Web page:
Six Steps to Get You Back to Game Play After a Concussion
You hear a lot about a sports concussion these days. From 2019 to 2020, 44.9 percent of children and young people in England fulfilled the Chief Medical Officers’ (CMOs) requirements of participating in sport and physical activity for an hour or more every day.
That means playing a contact sport like football or rugby on a field for many. Although this kind of physical activity is both fun and healthy, it does put them at risk for a sports-related concussion. What steps should one take when returning to sports after a concussion?
What Is a Concussion?
A concussion is a form of traumatic brain injury (TBI) produced by a bump, blow, or jolt to the head or an impact to the body that causes the head and brain to move back and forth rapidly. This abrupt movement can cause the brain to bounce around or twist in the skull, causing chemical changes and occasionally stretching and destroying brain cells.
While a concussion is a severe injury for athletes of all ages, the prognosis is often favorable when this type of TBI is treated swiftly and effectively. However, the actual issue arises when with repeated concussions. This is why taking the right steps before returning to a sport is essential after a concussion.
A Six-Step Plan to Follow After a Sports-Related Concussion
The return to the playing field is something one should take in steps. This will ensure complete healing before the risk of another sports concussion.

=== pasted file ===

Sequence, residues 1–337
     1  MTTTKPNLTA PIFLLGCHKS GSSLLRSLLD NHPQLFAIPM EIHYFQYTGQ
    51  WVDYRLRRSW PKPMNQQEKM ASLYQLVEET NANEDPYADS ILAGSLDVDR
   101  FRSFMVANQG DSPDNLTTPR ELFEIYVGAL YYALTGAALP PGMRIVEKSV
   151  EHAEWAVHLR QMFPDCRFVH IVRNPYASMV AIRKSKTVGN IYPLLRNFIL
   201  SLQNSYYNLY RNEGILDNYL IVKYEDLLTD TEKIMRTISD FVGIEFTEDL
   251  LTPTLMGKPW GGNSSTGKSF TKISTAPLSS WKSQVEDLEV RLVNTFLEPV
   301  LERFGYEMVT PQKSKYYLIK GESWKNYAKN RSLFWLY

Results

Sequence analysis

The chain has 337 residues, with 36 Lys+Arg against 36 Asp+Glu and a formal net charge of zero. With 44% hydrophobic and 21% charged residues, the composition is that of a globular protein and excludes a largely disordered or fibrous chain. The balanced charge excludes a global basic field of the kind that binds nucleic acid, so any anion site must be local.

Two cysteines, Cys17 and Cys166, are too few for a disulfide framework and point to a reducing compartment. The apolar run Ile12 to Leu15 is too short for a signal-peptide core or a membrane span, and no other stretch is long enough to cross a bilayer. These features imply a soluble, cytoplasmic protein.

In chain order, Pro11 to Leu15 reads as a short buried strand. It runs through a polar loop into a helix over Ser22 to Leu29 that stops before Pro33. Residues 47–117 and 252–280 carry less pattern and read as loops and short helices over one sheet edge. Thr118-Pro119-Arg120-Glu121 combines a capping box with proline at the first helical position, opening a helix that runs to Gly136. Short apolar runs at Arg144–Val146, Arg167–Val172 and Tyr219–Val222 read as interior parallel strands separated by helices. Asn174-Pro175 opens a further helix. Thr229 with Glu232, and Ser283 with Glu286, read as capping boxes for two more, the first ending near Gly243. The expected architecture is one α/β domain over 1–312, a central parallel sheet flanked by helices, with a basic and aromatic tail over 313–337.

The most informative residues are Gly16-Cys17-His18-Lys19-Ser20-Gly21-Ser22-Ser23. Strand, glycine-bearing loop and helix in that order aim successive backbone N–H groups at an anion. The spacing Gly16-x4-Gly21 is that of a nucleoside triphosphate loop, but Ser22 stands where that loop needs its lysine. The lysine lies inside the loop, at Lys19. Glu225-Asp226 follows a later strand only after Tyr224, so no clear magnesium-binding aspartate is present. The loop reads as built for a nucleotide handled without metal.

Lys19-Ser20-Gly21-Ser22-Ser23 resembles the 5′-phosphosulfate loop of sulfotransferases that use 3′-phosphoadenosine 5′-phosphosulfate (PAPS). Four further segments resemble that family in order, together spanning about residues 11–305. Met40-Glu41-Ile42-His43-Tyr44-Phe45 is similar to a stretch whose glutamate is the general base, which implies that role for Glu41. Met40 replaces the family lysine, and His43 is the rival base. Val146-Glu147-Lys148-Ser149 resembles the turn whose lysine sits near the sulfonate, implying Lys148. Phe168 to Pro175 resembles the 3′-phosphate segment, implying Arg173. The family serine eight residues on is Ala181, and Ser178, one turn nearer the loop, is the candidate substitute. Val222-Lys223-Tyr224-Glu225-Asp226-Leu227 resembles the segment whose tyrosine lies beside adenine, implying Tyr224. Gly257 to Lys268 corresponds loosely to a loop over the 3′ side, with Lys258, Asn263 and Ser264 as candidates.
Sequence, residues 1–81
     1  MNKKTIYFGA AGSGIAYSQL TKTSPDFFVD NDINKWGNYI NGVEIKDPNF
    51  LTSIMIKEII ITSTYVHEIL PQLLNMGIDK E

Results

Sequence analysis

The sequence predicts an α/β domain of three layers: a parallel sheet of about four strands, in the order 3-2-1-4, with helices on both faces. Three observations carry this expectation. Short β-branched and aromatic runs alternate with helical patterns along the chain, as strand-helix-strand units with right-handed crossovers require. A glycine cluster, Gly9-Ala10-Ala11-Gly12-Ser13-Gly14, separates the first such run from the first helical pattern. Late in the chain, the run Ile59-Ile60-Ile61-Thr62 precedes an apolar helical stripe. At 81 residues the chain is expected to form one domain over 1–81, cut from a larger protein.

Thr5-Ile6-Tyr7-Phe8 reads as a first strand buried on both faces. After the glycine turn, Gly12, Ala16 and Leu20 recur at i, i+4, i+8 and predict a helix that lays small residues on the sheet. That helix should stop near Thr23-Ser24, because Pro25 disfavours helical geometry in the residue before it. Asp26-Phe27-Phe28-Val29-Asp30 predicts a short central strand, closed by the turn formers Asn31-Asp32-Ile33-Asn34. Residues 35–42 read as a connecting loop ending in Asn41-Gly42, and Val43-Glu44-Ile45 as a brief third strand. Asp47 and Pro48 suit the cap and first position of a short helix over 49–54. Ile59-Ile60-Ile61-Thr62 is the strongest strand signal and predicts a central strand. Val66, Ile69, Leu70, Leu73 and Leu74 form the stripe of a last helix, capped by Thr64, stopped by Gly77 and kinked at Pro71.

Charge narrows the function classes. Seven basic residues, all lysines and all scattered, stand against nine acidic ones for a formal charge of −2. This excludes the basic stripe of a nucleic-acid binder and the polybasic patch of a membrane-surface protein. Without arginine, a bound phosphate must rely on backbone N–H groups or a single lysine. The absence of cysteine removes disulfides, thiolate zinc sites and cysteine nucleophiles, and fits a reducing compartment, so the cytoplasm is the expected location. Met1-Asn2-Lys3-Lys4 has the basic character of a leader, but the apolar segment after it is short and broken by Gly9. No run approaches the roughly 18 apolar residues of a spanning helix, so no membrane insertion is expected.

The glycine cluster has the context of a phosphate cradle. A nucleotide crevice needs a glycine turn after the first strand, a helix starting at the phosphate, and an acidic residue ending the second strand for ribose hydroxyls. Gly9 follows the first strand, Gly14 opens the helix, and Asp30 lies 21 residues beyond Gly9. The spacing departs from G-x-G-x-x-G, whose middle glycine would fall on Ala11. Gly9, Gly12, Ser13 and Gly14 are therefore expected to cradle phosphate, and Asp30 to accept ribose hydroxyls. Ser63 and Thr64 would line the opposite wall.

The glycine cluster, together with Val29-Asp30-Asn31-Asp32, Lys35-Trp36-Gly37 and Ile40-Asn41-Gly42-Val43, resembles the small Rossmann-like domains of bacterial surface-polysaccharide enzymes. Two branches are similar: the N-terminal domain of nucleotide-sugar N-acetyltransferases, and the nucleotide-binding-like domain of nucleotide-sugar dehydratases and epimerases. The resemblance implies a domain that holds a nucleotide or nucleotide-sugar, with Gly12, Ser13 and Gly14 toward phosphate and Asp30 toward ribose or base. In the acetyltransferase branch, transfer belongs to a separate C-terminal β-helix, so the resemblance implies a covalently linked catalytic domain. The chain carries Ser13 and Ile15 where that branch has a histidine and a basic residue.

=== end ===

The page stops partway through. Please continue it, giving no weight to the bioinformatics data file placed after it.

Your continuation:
Step One: Return to Regular Activities
This will mean different things for different people. For young children, it might mean returning to school. For adult athletes, it might mean going back to work.
However, the return to regular activities should only occur after a few days of rest. That rest gives the brain a chance to heal. It also gives parents and those around someone with a concussion a chance to watch for new symptoms that require medical treatment.
Start slow, though. After a few days, begin light activity such as short walks. Pick something that does not increase the risk of another concussion.
Step Two: Add Some Light Aerobics
Once back to regular daily activities, the primary might give the go-ahead for some light aerobics. That might mean a faster walk or a light jog. The exercise should not be stressful. Avoid things like a long run or weight lifting. Choose something that increases the heart rate slightly.
Step Three: Shift to Moderate Exercise
After a few days of taking it easy, step up to moderate exercise. At this point, there still should be no contact sports like football. Instead, an athlete might take a short run or ride a stationary bike. The goal is to increase the heart rate and moderate head movement but not put the body at risk for another concussion.
Step Four: Heavier Training
By stage four, it is safe to increase the training to add more exertion. The exercise should still not involve contact, though. HIgh-intensity movement is acceptable such as a long run or even moderate weight lifting.
Step Five: Return To Full Contact Practice
One can return to the field at this stage but only for practice. The goal is to maintain a controlled environment in case new symptoms arise or there is another sports concussion.
Step Six: Back to Normal Play
The sixth and final step puts the athlete back on the playing field for competition.
Taking a slower, six-step approach to returning after a sports concussion gives the brain time to heal fully before putting it at risk again.